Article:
In a recently posted comment to my March 26 blog (‘A Friendly Face”’) about hiring friends, Mark Johnson raised an equally thorny issue: “How do you deal with an out-of-office spouse that is interested in you firing a star performer?” The issues involving spouses not active in the business usually are only slightly easier to deal with than those involving spouses who work in the business.
When it comes to out-of-business spouses, gender seems to play a larger role. In my experience, husbands tend to seek autonomy in their own business lives and, consequently, are less likely to want to get involved in their wives’ businesses. Wives, on the other hand, especially non-working wives, seem to have a greater interest in their husbands’ firms. I suspect this stems from the considerable overlap between a small, closely held business and one’s private life.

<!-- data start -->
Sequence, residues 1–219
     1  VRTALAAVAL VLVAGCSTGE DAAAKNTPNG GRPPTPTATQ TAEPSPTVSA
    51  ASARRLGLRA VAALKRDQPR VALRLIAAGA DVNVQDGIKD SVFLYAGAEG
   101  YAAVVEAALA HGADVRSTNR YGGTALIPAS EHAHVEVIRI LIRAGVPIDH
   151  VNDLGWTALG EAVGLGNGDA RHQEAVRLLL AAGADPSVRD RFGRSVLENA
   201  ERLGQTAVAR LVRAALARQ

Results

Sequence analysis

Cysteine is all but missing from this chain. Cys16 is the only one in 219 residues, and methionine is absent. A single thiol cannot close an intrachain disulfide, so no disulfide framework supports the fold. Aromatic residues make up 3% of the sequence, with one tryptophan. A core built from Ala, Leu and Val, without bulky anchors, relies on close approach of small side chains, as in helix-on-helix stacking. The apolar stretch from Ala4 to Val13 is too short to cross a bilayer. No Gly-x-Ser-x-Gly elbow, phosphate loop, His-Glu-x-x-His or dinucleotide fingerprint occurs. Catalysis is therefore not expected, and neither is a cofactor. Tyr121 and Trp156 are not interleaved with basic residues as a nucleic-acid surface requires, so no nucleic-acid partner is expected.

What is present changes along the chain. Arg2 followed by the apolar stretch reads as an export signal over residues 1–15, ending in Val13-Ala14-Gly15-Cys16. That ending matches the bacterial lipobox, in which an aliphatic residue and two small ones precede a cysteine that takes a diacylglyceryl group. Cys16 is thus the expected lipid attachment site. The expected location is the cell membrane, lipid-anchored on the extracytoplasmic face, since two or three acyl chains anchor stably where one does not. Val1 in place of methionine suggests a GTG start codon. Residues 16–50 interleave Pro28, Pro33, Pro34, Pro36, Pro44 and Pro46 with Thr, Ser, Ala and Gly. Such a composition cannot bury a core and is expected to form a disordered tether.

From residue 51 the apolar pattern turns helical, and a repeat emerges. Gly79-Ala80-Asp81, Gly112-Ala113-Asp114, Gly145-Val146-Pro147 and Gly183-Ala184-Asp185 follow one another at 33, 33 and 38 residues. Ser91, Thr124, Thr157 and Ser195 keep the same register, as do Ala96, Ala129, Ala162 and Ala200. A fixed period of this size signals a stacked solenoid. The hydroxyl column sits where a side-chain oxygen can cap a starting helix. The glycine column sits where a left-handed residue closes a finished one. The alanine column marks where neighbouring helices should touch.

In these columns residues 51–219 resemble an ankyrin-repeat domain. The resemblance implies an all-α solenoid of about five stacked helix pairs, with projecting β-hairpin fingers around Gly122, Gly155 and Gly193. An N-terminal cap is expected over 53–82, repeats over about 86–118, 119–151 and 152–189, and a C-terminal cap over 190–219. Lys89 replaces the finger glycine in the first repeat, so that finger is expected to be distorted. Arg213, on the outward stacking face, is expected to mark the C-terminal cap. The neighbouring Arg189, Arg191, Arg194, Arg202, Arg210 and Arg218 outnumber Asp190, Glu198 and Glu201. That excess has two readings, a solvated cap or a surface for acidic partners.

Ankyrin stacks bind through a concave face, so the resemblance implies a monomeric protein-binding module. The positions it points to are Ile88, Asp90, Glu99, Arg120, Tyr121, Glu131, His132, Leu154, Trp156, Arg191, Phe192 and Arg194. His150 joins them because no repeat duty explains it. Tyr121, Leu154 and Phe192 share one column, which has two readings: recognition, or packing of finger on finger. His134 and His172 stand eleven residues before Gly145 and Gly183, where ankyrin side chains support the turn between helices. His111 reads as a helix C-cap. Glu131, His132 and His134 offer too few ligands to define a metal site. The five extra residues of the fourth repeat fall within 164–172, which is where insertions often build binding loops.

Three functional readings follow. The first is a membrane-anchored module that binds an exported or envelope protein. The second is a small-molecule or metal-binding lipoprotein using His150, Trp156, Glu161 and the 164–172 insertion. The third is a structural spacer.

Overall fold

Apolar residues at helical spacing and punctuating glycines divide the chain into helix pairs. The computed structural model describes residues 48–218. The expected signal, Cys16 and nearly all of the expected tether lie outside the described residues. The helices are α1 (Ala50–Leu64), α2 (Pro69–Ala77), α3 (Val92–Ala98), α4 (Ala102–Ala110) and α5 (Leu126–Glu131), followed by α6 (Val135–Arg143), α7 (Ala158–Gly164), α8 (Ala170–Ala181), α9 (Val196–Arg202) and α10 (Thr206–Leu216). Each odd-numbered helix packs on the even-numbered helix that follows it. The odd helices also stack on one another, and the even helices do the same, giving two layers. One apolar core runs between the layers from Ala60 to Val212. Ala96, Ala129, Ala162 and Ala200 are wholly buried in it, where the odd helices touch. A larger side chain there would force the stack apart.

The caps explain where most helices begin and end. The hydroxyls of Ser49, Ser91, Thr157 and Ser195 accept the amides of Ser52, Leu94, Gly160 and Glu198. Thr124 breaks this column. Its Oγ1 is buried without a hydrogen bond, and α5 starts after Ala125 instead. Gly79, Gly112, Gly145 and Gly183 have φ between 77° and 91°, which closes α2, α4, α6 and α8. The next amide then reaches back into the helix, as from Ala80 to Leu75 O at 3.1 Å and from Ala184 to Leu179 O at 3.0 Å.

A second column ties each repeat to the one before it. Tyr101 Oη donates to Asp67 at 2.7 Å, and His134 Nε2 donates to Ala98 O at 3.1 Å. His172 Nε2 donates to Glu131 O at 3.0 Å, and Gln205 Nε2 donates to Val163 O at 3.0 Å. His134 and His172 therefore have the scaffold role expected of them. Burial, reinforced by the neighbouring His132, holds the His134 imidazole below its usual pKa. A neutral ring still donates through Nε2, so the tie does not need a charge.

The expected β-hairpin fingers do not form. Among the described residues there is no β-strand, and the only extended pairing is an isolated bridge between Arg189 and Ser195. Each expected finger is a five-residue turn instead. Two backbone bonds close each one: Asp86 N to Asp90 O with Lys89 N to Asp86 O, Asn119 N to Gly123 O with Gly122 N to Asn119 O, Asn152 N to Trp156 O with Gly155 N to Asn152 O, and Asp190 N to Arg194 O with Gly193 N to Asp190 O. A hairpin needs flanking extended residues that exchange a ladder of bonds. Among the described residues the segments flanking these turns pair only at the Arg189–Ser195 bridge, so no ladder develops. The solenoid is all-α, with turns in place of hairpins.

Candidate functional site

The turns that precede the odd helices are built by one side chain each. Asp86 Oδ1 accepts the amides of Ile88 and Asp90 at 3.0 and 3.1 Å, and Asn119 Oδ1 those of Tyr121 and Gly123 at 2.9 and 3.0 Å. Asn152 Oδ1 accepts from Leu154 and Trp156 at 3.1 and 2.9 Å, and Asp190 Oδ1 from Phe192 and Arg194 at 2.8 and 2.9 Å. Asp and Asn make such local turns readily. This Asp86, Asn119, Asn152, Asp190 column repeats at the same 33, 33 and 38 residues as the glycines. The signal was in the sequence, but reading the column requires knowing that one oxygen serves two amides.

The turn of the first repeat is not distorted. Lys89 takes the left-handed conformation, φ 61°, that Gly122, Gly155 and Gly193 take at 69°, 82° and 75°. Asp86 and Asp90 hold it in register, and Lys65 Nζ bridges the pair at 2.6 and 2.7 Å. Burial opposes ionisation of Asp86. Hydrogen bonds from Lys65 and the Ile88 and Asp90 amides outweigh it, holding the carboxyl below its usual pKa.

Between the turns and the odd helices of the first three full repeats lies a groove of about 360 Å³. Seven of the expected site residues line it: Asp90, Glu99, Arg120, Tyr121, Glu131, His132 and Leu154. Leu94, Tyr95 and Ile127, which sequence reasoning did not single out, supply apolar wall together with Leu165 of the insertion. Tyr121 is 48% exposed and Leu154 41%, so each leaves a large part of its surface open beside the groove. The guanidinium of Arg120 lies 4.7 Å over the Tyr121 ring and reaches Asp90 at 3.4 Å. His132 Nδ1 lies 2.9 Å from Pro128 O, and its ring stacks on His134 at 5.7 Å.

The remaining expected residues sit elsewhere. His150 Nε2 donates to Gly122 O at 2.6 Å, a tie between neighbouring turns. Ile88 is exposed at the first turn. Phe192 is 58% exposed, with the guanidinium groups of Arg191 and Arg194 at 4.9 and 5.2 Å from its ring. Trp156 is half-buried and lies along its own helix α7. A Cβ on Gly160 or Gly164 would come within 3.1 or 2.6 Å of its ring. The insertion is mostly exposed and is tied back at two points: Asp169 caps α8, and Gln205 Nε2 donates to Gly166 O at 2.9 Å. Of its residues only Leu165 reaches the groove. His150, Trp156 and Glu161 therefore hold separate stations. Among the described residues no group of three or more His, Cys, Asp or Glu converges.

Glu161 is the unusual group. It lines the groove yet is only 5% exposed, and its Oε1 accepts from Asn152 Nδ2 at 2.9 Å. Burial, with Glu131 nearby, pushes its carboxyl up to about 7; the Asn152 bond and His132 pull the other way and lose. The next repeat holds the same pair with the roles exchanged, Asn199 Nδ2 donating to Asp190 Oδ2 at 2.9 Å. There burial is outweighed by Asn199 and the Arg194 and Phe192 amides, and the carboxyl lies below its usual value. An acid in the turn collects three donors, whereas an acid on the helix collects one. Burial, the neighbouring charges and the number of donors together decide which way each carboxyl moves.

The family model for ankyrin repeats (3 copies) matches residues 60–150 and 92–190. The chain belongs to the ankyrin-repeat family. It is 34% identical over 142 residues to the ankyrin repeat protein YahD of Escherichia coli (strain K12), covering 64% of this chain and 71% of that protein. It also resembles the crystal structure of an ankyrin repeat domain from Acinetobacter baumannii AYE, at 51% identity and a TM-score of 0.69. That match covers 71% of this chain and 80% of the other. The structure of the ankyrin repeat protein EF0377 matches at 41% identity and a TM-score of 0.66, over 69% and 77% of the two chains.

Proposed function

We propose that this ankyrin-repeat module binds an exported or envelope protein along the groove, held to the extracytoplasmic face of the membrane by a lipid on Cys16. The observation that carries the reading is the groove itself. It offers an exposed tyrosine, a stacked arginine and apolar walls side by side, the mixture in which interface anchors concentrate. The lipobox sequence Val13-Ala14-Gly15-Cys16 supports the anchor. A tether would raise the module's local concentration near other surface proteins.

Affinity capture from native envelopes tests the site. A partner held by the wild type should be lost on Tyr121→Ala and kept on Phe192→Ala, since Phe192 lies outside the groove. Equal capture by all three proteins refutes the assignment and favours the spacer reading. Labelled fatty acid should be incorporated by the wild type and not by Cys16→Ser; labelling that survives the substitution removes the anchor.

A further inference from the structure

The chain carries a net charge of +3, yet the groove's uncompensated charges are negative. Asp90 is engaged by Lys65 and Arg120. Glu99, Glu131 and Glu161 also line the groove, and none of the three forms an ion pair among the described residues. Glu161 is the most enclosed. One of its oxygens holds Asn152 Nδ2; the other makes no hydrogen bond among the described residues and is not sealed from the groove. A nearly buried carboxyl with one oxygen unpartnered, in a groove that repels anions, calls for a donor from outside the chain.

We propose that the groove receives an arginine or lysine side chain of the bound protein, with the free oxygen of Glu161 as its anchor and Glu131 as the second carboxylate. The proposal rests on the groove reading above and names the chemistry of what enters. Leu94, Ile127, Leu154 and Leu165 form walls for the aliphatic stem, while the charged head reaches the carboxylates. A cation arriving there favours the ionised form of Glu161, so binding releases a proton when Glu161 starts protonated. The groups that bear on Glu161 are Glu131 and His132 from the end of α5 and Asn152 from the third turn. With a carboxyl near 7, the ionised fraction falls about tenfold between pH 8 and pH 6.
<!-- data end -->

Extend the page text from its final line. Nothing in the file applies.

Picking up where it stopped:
In either case, the simple answer is to gently, but firmly, tell your spouse that it’s your business and you need to run it your way. Of course, relationships are rarely that simple. Owning a small business involves decisions that affect one’s family life: time spent in the office; whether to grow larger; add partners; business risk; reinvesting in the business; financing to expand; buying your building, etc. In most marriages, you need and wants your spouse’s buy-in on these key decisions.
So you have to pick your battles, and a “butt-out” conversation about one employee often just isn’t worth it.